Pomegranate ellagitannin

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Pomegranate fruit, opened.

The pomegranate ellagitannins, which include punicalagin isomers, are ellagitannins found in the fruit, rind (peel), bark or heartwood of pomegranates (Punica granatum).

Occurrence in other plants[edit]

As the chemistry of punicalagins became known it was found to be not unique to pomegranate. Punicalagins are present in numerous species of the genus Terminalia, species chebula Retz. (“Fructus Chebulae”), myriocarpa, catappa and citrina (tropical flowering trees historically used in African traditional medicine for antiobiotic and antifungal purposes). They have also been isolated from Cistus salvifolius[1][2] (a Mediterranean shrub) and Combretum molle (an African shrub).[3]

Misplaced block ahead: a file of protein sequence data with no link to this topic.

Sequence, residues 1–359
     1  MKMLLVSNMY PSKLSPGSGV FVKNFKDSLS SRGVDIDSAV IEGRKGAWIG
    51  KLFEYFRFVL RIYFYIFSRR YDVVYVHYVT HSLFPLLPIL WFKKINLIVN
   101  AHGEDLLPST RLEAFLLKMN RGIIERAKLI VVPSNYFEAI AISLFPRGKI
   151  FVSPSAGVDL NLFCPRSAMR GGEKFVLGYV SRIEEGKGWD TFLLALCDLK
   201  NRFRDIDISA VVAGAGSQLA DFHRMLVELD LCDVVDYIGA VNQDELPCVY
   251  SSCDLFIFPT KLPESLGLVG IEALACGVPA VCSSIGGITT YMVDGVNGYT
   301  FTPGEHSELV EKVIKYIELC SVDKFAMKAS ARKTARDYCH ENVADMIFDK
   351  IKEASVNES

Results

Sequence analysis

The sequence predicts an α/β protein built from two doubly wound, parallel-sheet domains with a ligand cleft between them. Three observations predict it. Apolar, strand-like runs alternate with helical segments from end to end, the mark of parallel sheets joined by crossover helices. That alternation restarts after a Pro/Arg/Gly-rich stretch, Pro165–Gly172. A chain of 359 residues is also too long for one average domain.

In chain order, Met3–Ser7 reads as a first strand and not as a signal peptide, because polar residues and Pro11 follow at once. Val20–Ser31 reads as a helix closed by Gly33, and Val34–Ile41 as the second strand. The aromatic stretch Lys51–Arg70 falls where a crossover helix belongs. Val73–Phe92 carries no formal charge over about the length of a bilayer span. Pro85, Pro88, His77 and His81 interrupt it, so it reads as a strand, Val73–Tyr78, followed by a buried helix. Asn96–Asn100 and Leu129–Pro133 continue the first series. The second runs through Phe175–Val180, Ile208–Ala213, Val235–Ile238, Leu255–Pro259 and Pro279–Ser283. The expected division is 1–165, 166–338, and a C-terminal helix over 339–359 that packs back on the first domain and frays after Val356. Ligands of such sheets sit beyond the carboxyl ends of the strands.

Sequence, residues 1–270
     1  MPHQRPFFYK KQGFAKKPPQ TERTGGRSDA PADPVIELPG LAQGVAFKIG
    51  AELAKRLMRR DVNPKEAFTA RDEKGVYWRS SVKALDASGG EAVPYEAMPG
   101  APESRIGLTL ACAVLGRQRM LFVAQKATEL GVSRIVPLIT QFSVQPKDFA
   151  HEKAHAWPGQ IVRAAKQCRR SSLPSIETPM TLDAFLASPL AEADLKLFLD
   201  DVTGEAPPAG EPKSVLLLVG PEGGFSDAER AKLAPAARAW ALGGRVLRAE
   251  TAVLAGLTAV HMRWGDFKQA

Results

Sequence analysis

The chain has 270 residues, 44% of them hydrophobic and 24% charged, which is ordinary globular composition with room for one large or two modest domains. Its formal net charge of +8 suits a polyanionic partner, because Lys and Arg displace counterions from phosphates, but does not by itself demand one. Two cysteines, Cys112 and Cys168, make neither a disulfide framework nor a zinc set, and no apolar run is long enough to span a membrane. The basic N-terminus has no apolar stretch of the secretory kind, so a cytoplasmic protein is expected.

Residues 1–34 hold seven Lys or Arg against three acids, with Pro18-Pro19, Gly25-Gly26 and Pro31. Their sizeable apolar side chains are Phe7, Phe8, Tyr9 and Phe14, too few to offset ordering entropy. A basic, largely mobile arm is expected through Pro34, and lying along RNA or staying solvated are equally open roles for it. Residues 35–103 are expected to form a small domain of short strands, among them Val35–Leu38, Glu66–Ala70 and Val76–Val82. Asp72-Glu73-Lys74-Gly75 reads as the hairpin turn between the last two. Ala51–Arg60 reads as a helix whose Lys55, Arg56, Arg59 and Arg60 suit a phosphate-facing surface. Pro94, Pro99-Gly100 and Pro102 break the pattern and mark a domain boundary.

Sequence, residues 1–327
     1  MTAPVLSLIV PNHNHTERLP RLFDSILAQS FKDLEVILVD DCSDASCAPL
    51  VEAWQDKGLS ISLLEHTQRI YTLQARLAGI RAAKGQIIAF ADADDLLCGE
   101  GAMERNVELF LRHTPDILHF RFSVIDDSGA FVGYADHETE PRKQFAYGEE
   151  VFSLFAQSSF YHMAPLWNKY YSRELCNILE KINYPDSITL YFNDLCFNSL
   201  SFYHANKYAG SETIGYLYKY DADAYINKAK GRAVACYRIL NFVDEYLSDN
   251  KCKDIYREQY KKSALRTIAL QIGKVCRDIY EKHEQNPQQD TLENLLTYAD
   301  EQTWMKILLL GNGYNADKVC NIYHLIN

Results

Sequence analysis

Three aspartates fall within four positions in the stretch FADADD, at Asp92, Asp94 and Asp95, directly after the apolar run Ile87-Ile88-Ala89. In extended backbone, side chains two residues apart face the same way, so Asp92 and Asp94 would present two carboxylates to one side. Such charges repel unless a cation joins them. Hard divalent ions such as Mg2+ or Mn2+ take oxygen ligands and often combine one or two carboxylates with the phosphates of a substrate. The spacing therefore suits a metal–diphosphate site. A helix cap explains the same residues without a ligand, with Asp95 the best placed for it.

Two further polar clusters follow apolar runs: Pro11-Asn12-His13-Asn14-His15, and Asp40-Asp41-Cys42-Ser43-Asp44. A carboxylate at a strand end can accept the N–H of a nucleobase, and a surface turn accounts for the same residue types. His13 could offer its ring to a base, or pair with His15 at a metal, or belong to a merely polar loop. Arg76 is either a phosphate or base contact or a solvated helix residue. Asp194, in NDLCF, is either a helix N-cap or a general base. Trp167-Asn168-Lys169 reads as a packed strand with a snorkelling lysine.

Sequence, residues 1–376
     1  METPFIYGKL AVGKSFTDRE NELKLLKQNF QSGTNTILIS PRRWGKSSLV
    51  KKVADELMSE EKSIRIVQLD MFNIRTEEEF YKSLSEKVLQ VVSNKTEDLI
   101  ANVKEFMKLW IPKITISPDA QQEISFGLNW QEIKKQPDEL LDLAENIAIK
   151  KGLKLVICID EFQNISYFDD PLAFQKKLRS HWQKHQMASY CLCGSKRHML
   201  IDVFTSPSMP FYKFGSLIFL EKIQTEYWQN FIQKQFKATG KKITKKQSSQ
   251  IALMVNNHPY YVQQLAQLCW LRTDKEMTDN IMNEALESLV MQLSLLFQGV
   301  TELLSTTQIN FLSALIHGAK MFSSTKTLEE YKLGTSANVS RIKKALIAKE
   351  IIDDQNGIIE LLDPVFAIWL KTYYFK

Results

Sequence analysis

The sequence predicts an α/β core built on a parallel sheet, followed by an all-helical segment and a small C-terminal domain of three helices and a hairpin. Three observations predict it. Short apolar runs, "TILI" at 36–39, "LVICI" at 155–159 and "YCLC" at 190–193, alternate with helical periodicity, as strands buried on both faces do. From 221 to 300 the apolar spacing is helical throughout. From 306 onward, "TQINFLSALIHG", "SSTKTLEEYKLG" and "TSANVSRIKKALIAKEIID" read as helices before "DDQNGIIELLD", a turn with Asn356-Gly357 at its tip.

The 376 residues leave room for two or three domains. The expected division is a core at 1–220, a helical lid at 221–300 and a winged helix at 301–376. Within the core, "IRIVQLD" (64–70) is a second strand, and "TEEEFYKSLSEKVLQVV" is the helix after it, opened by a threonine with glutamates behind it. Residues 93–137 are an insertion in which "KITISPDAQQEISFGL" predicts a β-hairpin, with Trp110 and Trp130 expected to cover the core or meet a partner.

Extracts and health effects[edit]

A few dietary supplements and nutritional ingredients are available that contain extracts of whole pomegranate and/or are standardized to punicalagins, the marker compound of pomegranate. Extracts of pomegranate are also 'Generally Recognized As Safe' (GRAS) by the United States. It has been recommended[who?] to look for pomegranate ingredients that mimic the polyphenol ratio of the fruit, as potent synergistic effects have been observed in 'natural spectrum' extracts, especially pomegranate concentrate normalized to punicalagins.[4]

A pomegranate extract standardized to punicalagins marketed under the name Pomella was found to absorb into the bloodstream after consumption in humans. A maximum 32% increase in plasma antioxidant status measured by ORAC was also noted in this study.[5]

Pomegranate fruits natural phenols can be extracted with ethyl acetate and fractionation can afford the ellagitannin punicalagins. The substance was found to be active against methicillin-resistant Staphylococcus aureus strains.[6]